Hi, my name is Rachel. My husband, Scott, and I have been married for almost 10 years and have four beautiful children – Mason (7), Brynn (5), Miles (2), and our little angel Ellie who last month, at 15 months old, returned to heaven. I want to thank Miggy for letting me share a little bit about Ellie’s story today. Ellie was born with an extremely rare chromosome abnormality called trisomy 4p. After struggling with eating and breathing –kind of important functions- for the first two months of her life Ellie ended up with a trach and g-tube. I stopped working as an ICU nurse and spent the next year trying to balance providing around the clock care for Ellie with being the mom of three other healthy and active kids. I never would have been able to do it without the help of my amazing husband and mom. Ellie had global developmental delays and at 15 months old she was the size and development level of a 6 month old. Despite all of her challenges she was the happiest little girl and was always ready to greet everyone with a smile and clapping hands. In August she got sick and was admitted to the hospital with pneumonia, nothing new or out of the ordinary for Ellie, but the day before we were expecting to take her home she unexpectedly passed away during the night. We are left with a huge void since our whole life literally revolved around Ellie. We are grateful for every single memory we have of Ellie and look forward to the day we will be with her again, in heaven. I have shared a lot about Ellie’s story on my blog bubblesforellie.blogspot.com if you would like to know more.
Miggy: Rachel I'm so honored to have you here today and to be talking about your sweet Ellie. A few weeks ago I linked to your blog as your family and friends had set up a fund raiser for the recent passing of your sweet daughter Ellie. I'm so glad you reached out and talk about Ellie and her condition it today's spotlight. Thanks you. First, can you take me back to the day you found out about that Ellie had trisomy 4p? Do you remember how you felt? Can you compare those first thoughts and feelings with how you feel now?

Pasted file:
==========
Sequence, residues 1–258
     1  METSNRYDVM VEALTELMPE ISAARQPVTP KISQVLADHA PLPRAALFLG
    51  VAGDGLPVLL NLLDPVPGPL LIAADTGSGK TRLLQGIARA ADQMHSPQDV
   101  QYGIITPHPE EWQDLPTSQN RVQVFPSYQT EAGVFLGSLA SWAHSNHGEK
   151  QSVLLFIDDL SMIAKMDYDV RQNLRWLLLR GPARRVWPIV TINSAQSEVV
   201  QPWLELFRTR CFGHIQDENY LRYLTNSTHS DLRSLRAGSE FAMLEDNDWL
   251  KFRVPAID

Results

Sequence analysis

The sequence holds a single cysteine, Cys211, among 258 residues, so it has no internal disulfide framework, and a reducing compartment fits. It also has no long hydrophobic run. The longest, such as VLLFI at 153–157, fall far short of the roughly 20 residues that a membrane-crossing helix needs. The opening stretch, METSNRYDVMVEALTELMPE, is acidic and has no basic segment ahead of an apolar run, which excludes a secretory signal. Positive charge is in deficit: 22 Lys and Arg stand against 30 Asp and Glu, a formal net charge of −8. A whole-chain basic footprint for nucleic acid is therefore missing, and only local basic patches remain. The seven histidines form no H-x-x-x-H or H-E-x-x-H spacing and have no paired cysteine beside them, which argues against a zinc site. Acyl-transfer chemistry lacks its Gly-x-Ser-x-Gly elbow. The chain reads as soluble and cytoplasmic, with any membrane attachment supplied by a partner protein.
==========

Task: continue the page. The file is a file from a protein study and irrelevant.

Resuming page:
Rachel: I will always remember the pediatrician coming in to examine Ellie after she was born and asking us if she looked like our other kids. I thought he was just making typical newborn small talk until I looked at his concerned face and I realized he was really asking us if we thought she looked normal. He went on to point out all of the abnormal features Ellie had that were consistent with many genetic disorders – low set ears, thick and flat upper lip, high arched palate, thick tongue, short and thick neck, simian crease, and underdeveloped pinkies were a few.
We didn’t receive the exact diagnosis of trisomy 4p until she was 3 months old. After 3 months of unanswered questions about Ellie’s health and development we were so relieved to finally have a diagnosis, but soon found out there were very few answers because of how rare it is (there are only about 100 documented cases in medical literature). We never worked with a single doctor, including our geneticist, who had ever even heard of trisomy 4p let alone knew anything about it. We felt so alone and so scared of what the future would or wouldn’t hold for Ellie. As time went on we learned to live without all of the answers and just let Ellie lead the way.
Initially, I went through a grieving process over the loss of all my hopes and dreams for Ellie’s future. Now as I grieve the loss of my child I am surprised at how similar the emotions I felt a year ago are to what I am currently feeling. Only now it is much harder because she isn’t here in my arm.
Miggy: Please educate us about trisomy 4p. As you stated in your email this is a very rare condition--what are the hallmarks of this condition and is there any treatment? How did Ellie's needs affect your day-to-day life?